At one of the “Big Berks” conferences of the Berkshire Conference of Women Historians, I heard a paper by Dutch historian Mineke Bosch that introduced me to a big new part of the story and began a friendship that I cherish.  Her book, published in Dutch, used letters to and from Dutch physician and feminist Aletta Jacobs to tell the story of the International Woman Suffrage Alliance (later the International Alliance of Women) in the first half of the twentieth century.[9] Housed at what was then called the Internationaal Informatiecentrum en Archief voor de Vrouwenbeweging [International Information Center and Archive for the Women’s Movement], Jacobs’s papers are a veritable gold mine, revealing the centrality of Dutch women in the transnational women’s movement. A sign of Jacobs’ importance can be seen in the fact that the archives were later renamed Aletta, Instituut voor vrouwengechiedenis [Institute for Women’s History].[10]  Bosch’s research led me to Amsterdam and beyond, introducing me to one of the joys of transnational research: travel to archives in a number of different countries.

As all of this suggests, concepts from women’s history and women’s studies influenced my work on Worlds of Women more than did scholarship on transnational history, although Benedict Anderson’s iconic work on imagined communities, along with the voluminous literature on nationalism, helped me think about the construction of internationalism, and Akira Iriye’s Cultural Internationalism and World Order influenced my presentation of the elements of international interaction.[11] Poststructuralist emphases on competing discourses, the dissolution of binary oppositions, and attention to the ways in which meaning is constructed in specific historical concepts led me to see conflict and community within the transnational women’s movement not as opposites but as part of the same process by which women came together across national borders to create a sense of belonging. Cohesiveness grew from exclusiveness, and solidarity found expression in struggles over the best means of achieving broadly defined, and contested, goals of equality.  From social movement scholars I drew on the concept of collective identity, developing a framework for the book consisting of boundaries, consciousness, and personalized politics, which together make up collective identity.[12] The interdisciplinarity of the field of feminist studies shaped my approach to transnational history in important ways.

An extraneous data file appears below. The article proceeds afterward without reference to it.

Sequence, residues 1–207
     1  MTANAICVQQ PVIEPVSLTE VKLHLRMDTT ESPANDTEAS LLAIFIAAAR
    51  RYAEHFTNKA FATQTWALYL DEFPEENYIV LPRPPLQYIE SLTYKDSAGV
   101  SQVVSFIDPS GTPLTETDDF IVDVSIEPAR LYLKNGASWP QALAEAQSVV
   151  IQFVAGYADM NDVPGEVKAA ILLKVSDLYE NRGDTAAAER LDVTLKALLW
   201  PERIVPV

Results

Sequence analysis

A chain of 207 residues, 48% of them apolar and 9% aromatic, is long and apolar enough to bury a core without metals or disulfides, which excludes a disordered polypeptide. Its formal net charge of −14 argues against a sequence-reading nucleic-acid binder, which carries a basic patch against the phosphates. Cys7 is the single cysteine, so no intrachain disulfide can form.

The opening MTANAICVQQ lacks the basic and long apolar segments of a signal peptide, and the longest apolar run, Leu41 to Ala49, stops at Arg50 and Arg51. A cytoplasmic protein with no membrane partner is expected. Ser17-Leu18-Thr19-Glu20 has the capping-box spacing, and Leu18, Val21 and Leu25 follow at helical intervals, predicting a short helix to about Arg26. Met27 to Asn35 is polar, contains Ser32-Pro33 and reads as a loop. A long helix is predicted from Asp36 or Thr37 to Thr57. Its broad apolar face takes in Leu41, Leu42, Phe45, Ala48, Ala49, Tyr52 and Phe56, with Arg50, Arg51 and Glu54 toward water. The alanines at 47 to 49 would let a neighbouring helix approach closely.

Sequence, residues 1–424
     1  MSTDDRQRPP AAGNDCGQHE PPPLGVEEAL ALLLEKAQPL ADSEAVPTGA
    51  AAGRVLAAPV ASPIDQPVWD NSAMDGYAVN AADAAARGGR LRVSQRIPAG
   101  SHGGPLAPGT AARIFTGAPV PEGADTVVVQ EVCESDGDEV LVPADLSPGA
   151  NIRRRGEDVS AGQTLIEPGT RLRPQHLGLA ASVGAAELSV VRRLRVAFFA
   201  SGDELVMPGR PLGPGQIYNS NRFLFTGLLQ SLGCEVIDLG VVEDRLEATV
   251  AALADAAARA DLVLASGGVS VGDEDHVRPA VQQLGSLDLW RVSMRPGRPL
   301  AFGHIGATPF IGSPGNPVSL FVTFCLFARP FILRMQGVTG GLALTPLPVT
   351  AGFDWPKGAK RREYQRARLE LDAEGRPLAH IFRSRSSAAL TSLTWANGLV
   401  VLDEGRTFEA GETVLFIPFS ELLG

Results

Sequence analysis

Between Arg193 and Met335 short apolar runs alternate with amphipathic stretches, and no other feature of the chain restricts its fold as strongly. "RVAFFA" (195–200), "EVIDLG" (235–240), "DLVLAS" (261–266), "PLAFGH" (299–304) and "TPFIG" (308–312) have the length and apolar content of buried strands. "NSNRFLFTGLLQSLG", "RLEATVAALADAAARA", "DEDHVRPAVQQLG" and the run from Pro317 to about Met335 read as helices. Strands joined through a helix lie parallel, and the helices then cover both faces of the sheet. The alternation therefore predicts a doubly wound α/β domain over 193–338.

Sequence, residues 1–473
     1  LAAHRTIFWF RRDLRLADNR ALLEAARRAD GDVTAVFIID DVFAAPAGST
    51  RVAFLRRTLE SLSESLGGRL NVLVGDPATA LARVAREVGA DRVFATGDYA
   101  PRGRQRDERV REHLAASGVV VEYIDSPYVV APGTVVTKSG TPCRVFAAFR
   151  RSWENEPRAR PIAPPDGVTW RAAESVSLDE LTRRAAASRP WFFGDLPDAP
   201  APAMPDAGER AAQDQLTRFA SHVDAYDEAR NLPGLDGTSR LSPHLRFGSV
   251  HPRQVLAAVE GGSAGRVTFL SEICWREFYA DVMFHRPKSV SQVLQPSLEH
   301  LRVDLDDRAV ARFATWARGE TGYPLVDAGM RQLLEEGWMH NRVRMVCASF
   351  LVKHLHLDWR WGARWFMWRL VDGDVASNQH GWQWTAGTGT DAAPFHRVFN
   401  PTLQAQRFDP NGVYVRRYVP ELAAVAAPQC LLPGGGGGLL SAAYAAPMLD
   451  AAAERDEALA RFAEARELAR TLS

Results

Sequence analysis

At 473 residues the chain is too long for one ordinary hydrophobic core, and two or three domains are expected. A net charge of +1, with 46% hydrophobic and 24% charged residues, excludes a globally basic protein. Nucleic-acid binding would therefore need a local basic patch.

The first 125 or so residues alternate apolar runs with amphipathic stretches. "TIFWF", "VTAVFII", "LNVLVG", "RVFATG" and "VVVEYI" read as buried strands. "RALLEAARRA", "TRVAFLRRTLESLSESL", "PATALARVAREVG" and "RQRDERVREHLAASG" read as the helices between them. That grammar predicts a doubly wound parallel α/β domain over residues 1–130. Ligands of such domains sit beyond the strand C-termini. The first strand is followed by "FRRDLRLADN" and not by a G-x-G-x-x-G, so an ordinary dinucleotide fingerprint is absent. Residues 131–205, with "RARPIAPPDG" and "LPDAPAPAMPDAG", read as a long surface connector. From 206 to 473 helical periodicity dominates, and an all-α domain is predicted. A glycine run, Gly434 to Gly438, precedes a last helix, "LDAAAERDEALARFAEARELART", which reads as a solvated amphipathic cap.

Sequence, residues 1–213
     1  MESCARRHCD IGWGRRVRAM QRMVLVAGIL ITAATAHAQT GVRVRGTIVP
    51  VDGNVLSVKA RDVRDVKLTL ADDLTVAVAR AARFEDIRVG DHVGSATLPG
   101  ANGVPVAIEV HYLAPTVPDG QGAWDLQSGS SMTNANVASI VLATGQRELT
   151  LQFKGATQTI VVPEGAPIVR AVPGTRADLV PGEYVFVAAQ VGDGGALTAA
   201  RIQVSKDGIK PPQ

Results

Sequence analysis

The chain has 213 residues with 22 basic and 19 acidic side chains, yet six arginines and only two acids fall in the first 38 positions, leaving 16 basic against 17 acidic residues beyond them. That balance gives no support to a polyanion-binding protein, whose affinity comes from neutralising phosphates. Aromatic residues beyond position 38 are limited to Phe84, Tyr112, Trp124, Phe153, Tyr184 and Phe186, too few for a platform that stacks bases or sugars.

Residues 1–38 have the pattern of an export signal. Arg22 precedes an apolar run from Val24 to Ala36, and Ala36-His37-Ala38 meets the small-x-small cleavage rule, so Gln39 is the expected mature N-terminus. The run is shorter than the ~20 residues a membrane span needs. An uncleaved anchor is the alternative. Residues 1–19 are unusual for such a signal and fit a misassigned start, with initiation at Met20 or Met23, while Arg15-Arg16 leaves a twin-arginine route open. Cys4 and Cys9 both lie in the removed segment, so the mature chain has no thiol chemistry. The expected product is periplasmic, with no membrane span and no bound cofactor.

Scholarship on transnational organizing among women, and transnational history more broadly, has flourished in the years since Worlds of Women appeared.  We know more about the involvement of women outside the primarily white, elite, Christian, Euroamerican circles who dominated the major transnational organizations in the first half of the twentieth century.[13] And we know more about the story in the years after the Second World War, especially about the Women’s International Democratic Federation, the left organization that emerged in the immediate postwar period and dwarfed in size and reach the older mainstream transnational groups.[14] All of this work sheds new light not only on the past but on our contemporary globalized world.

My most recent foray into global history shifted away from a focus on movements and involved no travel to archives.  Sapphistries is what I admit is an audacious synthetic history of desire, sex, and love between women from the beginning of recorded history to the present all around the globe.[15] Like my original turn to transnational history, this project grew out of the classroom.  I was teaching a class I called Sapphistries that introduced students to the myriad of ways women around the world and throughout time expressed, acted on, and thought about same-sex desire.  My students’ interests encouraged me to delve more deeply into the topic as a way to historicize contemporary notions of women’s sexual fluidity and to undermine the assumption of progress from the bad old days of repression and invisibility to the liberated Western present. I learned a lot from the research of historians and social scientists that helped me craft a complicated story of same-sex desire, love, and sex between women.

I think the most important thing I learned in my journey to becoming a transnational historian is how profoundly the picture changes as one moves farther away from a particular locality.  In a microhistory, every detail is important in creating a story that has larger implications.  In a transnational or global history, it is the big differences and similarities that matter.  I am grateful to the scholars and mentors who facilitated my move from a focus on national history to comparative history to transnational and global history.  There is a certain amount of insecurity that comes with the ride since I am no longer an expert in any one particular thing.  But we need all angles of vision on our past in order to understand it as thoroughly as possible.